PRIMEd Principal Blog

Assessment Leadership – It’s Time: Systemic Change – The School Improvement Plan and Classroom Instruction: MACRO vs MICRO

PRIMEd Principal
May 2015

Tool

Math Leadership Team ( central office and building administrators with  teachers and community members)

Description

Within every complex organization, just as within a school district or school, there seems to be a tug-of-war between emphasis at the macro level vs the micro level.  The School Improvement Plan (MACRO) is elaborate and necessary to establish a vision: goals, expected outcomes, timelines and funding are put in place to move the system forward.  On the other hand, if the classroom instruction does not change, if teachers do not understand the content and best practices, there will be no evidence of improvement in any data in the school improvement plan that measures student growth.  The system is stymied.  Balance is necessary.

In the perfect school system, both the macro and the micro move forward at the same time, orchestrated by a skillful leader (principal or central office person) who is the keeper of the vision.  If an institution waits until they have the perfect plan (MACRO) in place to work on instruction, student growth may be a long time in coming.  If the system waits until each teacher in each classroom (MICRO) has had the job-embedded professional learning necessary, knows their content and the connections within it, and is equipped with a battery of pedagogical practices that are research based, student growth may be a long time in coming as well.

In It’s TIME: Themes for Imperatives for Mathematics Education, the authors’ site three imperatives necessary for systemic change: 1) ongoing job-embedded opportunities for professional learning, 2) diverse structures and adequate time for professional collaboration, and 3) opportunities for coaching*.

Strategies for Implementation

1)       District-Wide Math Leadership Team Writes School Improvement Plan (MACRO)

In one school district north of Detroit (8 elementary schools, 2 middle schools, one large high school), a math leadership team was put in place to create a vision of what experiences they wanted each of their students to receive in the area of mathematics.  Five evening meetings were held including superintendents, business directors, teachers and community members.  School Improvement Plans were put in place complete with Action Plans around each of the five focus areas that the team designated as areas that they felt contained that vision and timelines and persons responsible were put in place.  Their five areas of focus are: 1) change the mindset of math inside and outside the school community, 2) more collaboration in K-12, 3) move beyond math as a series of steps to understanding the purpose and connections, 4) implement the mathematical practices (particularly 3 & 4 to start), and 5) educate our community about mathematics and the CCSSM and SMPs.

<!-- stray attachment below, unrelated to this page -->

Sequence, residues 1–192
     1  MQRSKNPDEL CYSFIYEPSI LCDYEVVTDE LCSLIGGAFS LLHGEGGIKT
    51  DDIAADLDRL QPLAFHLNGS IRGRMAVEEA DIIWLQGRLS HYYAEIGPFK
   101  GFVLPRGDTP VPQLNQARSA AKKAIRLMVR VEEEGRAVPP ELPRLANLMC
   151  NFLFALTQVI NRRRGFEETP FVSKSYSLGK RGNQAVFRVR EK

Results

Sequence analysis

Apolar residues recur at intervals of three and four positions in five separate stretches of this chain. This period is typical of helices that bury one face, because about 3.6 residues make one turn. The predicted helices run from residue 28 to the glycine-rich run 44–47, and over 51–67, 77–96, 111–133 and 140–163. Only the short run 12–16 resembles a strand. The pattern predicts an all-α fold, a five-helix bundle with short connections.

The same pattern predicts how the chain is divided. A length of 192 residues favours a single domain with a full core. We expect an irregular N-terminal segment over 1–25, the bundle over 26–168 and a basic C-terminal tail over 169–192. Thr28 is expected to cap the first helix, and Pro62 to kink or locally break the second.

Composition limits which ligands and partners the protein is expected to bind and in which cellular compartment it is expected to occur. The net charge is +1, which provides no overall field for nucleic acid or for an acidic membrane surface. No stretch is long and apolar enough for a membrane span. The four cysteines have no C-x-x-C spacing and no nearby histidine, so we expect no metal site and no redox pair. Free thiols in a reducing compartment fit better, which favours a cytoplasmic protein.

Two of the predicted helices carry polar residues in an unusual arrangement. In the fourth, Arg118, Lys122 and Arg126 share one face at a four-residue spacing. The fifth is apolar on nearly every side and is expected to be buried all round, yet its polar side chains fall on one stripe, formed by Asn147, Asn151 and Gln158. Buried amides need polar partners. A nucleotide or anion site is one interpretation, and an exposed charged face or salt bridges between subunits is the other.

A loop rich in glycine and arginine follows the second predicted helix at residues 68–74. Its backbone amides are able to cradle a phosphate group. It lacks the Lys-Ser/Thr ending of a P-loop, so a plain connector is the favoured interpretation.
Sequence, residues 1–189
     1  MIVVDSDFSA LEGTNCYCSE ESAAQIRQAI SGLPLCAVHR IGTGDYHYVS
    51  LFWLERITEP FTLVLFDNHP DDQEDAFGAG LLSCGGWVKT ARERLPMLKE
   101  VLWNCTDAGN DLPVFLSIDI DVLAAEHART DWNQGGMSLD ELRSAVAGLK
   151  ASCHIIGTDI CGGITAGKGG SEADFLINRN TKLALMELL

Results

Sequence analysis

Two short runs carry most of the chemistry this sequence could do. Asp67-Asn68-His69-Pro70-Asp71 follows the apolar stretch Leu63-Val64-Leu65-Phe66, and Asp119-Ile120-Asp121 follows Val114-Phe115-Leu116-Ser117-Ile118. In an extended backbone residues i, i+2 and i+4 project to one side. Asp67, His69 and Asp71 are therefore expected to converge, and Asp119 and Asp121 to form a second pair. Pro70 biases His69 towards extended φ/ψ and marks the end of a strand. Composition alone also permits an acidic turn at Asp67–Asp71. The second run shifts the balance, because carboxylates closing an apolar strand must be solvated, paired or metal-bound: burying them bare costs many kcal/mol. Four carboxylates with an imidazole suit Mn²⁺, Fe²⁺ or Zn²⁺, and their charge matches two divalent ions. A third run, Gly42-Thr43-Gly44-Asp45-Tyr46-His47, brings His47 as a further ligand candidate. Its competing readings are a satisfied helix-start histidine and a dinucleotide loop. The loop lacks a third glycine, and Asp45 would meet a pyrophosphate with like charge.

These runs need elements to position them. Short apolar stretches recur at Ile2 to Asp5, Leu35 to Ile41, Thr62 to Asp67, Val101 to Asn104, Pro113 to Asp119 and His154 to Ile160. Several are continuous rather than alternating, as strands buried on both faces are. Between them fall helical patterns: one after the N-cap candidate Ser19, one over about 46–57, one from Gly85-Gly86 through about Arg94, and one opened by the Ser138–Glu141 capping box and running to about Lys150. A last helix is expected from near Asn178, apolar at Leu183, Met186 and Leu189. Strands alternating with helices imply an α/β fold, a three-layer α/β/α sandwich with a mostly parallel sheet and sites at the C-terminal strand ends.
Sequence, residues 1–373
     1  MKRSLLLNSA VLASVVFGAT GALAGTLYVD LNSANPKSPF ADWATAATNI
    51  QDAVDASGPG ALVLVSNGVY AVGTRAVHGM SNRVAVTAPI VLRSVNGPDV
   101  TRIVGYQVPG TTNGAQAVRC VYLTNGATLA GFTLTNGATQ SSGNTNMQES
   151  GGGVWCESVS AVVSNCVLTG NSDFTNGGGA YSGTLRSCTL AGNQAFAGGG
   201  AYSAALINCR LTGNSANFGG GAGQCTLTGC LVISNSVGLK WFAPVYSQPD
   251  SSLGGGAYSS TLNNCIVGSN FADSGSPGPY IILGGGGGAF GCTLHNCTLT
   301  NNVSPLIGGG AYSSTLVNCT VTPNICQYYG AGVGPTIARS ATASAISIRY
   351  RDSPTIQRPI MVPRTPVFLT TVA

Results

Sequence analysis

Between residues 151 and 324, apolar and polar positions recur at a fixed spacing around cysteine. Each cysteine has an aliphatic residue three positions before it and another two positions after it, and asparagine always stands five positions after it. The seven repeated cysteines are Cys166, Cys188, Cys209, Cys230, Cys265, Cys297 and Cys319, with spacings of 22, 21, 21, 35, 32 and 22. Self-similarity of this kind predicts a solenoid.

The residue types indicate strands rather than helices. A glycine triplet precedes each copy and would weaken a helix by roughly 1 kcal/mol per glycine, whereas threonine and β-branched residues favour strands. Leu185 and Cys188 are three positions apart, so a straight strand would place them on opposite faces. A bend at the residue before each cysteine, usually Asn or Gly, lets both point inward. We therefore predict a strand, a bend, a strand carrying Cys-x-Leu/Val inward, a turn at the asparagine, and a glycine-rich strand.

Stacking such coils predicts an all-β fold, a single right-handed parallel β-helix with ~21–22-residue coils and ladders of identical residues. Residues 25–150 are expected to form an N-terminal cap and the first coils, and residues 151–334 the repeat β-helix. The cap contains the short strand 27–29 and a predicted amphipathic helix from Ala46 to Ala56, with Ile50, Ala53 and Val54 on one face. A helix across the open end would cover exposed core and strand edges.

2)      District-Wide Professional Learning  “Classroom Instruction That Works”

Classroom Instruction That Works was selected for three days of professional learning for all teachers and administrators.  In this course, teachers honed their skills on: 1) creating the environment for learning (setting objectives & providing feedback, reinforcing effort and providing recognition, and cooperative learning), 2) helping students develop understanding (questions, organizers, summarizing and note-taking, homework and practice), and 3) helping students extend and apply knowledge (identifying similarities and differences as well as generating and testing hypotheses).  The course was interactive and teachers were able to role play and practice new ideas.  Days were staggered across the school year.

3)       PLC – Looking at Student Work (MICRO)

Part of the work of the team was to put in place a formative assessment for each of the four card markings throughout the year for each grade level or course (high school).  All teachers at all grade levels and courses were to implement the formative assessment and collect student work.  After this was done, a schedule was put in place for each grade level to meet in PLCs where the teachers would bring student work to their learning community and analyze the results and discuss what implications these results will have on instruction.  The groups were led by math content specialists from our regional service center with the intent that leadership committee members will eventually take over.  This stage is ongoing and continuing.  It ties in well to the professional learning CITW on identifying learning targets, providing actionable feedback, and re-engagement tasks.  Norms and a safe environment for teachers are a must.  Collaboration has been incredibly helpful in planning for “next steps” in the classroom.

Outcomes

The process of determining the areas of focus for the large group was powerful and energizing.  Some groups made videos for their district website to inform their constituents of their work.  Once the teams were established, the writing of the goals and action plans began to bog the groups down (particularly the groups focused on curriculum and instruction) (sample plan).  This is when it was decided to put formative assessments in place and look at student work simultaneously to the planning work.  It really seemed to give all the work a “shot in the arm” because it seemed more purposeful.  The work continues.  Ideas of going to Standards Based Grading in the long run have come up and the group itself now seems to be a means of carrying out future initiatives.

*It is the intent of this district to eventually use coaches in mathematics.

Guest Blogger

Marianne Srock: NCSM Member and mathematics consultant at Macomb Intermediate School District, Clinton Township, MI. In previous careers I was a middle school principal and math teacher.

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